Up until now, moving the post-election political chess pieces around the Berlin board was a relatively transparent and predictable process. The winning majority was usually without surprises, telegraphed in advance and ready to share the spoils of power.

Not this time.

The beating taken by the two largest parties—the center-right CDU and the center-left SPD—was dramatic. It reduced their leverage to form a government and then, after stumbling through a series of efforts to reach a coalition agreement, they wound up with the same combination as prior to last September’s election.

That illustrated two things: the larger parties are no longer as large, and the entire party landscape is in flux. Both the brand and the content of political parties are shapeshifting, with as much internal conflict within party lines as across them. No party has exemplified that better than the Social Democrats in the argument over joining Angela Merkel in another coalition government. But shifts and strife within Merkel’s own party are also visible as the Christian Democrats struggle to come to grips with a post-Merkel period…whenever that time comes.

But shifts and strife within Merkel’s own party are also visible as the Christian Democrats struggle to come to grips with a post-Merkel period…whenever that time comes.

The second revelation during these past five months was that of a less powerful chancellor to start a fourth term. No surprise perhaps. One way of describing it is watching Merkel, known affectionately as “Mutti” become “Grammutti” after the elections, with many immediately wondering who will inherit her crown.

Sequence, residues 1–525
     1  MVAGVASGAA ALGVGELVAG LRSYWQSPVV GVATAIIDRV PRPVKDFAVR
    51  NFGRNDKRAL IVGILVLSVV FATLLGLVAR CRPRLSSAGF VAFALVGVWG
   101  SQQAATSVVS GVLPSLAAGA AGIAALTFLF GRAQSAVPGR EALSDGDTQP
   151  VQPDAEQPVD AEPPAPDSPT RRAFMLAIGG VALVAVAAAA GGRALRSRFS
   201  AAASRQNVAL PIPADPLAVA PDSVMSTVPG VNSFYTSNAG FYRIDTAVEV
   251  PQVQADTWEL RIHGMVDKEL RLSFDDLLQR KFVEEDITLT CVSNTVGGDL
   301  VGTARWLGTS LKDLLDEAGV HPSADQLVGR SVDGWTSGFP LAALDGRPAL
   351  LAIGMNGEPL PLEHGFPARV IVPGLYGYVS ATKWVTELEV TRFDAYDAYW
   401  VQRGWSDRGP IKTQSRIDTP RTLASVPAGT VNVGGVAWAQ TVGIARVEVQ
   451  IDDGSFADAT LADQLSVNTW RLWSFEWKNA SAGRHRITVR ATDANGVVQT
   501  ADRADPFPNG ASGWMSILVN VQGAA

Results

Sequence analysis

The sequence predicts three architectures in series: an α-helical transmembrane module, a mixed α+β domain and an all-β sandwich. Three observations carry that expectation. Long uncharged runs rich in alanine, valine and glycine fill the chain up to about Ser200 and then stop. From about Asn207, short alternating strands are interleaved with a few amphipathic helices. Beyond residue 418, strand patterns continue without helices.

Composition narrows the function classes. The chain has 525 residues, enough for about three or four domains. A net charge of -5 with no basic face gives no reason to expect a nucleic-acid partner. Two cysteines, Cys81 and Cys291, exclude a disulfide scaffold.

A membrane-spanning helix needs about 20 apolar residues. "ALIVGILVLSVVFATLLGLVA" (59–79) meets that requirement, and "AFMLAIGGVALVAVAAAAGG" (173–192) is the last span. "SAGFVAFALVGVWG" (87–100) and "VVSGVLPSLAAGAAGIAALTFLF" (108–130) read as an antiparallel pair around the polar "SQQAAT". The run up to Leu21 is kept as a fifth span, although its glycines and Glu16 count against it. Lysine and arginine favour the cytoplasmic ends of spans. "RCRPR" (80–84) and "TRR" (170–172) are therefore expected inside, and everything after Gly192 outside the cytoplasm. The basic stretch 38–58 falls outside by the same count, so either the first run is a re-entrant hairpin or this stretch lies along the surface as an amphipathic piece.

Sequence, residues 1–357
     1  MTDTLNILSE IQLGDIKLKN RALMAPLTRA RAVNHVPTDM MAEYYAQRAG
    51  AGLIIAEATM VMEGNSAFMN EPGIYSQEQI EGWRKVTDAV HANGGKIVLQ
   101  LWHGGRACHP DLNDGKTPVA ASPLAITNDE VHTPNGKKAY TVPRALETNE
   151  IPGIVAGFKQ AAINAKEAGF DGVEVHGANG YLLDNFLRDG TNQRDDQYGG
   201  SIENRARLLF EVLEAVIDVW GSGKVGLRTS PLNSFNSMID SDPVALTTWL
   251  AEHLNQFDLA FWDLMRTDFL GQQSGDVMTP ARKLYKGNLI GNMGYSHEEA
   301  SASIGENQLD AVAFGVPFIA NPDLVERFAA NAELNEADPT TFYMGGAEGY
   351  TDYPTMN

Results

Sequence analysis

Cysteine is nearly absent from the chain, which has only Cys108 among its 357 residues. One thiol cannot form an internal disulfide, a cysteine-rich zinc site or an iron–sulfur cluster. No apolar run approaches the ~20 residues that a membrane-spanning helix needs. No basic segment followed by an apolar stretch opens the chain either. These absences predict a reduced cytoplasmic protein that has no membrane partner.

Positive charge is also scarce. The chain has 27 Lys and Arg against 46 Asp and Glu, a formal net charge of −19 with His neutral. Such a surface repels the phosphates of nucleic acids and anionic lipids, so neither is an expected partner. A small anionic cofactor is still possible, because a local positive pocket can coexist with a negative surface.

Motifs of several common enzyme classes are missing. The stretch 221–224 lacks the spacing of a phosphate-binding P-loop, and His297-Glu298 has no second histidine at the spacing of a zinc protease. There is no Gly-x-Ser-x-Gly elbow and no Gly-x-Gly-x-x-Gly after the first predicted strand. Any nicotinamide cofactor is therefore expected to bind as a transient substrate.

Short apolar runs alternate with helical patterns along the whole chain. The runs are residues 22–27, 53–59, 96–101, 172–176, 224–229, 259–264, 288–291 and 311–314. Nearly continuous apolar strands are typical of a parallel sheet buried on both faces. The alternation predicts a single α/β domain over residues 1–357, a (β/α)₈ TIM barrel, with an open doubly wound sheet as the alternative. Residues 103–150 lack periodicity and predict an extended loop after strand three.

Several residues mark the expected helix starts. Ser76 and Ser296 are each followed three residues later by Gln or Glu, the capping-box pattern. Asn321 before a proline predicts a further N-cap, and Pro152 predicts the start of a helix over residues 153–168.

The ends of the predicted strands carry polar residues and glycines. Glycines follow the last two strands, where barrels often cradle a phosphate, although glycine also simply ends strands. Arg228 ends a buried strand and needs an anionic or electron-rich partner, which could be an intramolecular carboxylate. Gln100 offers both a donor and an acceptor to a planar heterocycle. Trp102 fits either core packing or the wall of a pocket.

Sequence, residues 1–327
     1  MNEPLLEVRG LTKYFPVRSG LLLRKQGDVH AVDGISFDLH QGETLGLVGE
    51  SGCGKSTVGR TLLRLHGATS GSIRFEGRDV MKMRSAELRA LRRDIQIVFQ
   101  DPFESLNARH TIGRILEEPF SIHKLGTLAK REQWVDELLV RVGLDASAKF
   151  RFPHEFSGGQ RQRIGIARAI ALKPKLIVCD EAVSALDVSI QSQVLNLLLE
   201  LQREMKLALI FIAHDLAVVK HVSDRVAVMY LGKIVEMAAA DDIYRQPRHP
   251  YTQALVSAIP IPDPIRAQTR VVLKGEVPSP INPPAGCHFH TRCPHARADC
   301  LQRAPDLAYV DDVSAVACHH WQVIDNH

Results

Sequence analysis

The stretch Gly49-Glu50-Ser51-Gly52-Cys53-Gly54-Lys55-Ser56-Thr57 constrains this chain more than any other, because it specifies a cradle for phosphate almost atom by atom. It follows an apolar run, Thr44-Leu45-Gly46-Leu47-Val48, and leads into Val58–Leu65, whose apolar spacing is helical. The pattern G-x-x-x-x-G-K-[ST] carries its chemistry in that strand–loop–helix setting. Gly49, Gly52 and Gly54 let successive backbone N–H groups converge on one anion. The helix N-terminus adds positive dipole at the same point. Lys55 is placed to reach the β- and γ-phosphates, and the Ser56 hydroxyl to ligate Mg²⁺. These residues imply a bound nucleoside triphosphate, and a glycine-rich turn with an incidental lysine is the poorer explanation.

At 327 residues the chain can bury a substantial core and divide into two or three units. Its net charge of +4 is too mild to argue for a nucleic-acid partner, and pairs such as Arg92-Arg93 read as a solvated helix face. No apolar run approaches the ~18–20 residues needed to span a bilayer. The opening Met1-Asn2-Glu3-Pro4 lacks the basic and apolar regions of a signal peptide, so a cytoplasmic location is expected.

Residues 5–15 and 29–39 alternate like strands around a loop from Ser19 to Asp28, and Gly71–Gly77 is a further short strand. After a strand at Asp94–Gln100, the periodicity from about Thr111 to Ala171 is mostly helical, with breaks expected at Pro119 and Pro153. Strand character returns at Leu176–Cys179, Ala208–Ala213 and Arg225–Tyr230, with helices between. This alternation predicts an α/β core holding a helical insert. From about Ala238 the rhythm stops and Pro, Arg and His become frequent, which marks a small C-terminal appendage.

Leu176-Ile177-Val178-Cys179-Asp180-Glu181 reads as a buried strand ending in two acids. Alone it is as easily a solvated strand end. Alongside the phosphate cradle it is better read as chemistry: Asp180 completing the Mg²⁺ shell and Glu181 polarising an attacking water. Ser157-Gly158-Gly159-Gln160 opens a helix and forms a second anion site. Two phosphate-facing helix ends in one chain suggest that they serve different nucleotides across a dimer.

Yet the fact is that no one knows the answer to that question with any certainty. Meanwhile, the leadership question within the SPD lingers, without any clear direction. The CSU, the CDU’s Bavarian sister party, has made a change, but that leadership remains to be tested in the September elections in Bavaria. The Greens have just elected two new leaders who face challenges in showing their ability to sustain the Greens in opposition in Berlin. That leaves the Left Party, which has no viable option of forging a coalition government with another party, and the newly-elected Alternative for Germany (AfD), the largest opposition party in the Bundestag but a pariah among other parties. That said, the AfD has a large platform to raise their eclectic voices and contribute shock and awe from the lectern.

And then there are the liberal Free Democrats. They have mobilized themselves effectively around one person—Christian Lindner—in exiting any coalition talks and are now trying to redefine themselves beyond being a coalition destroyer or facilitator. The coming phase before the next elections will put that experiment to a test.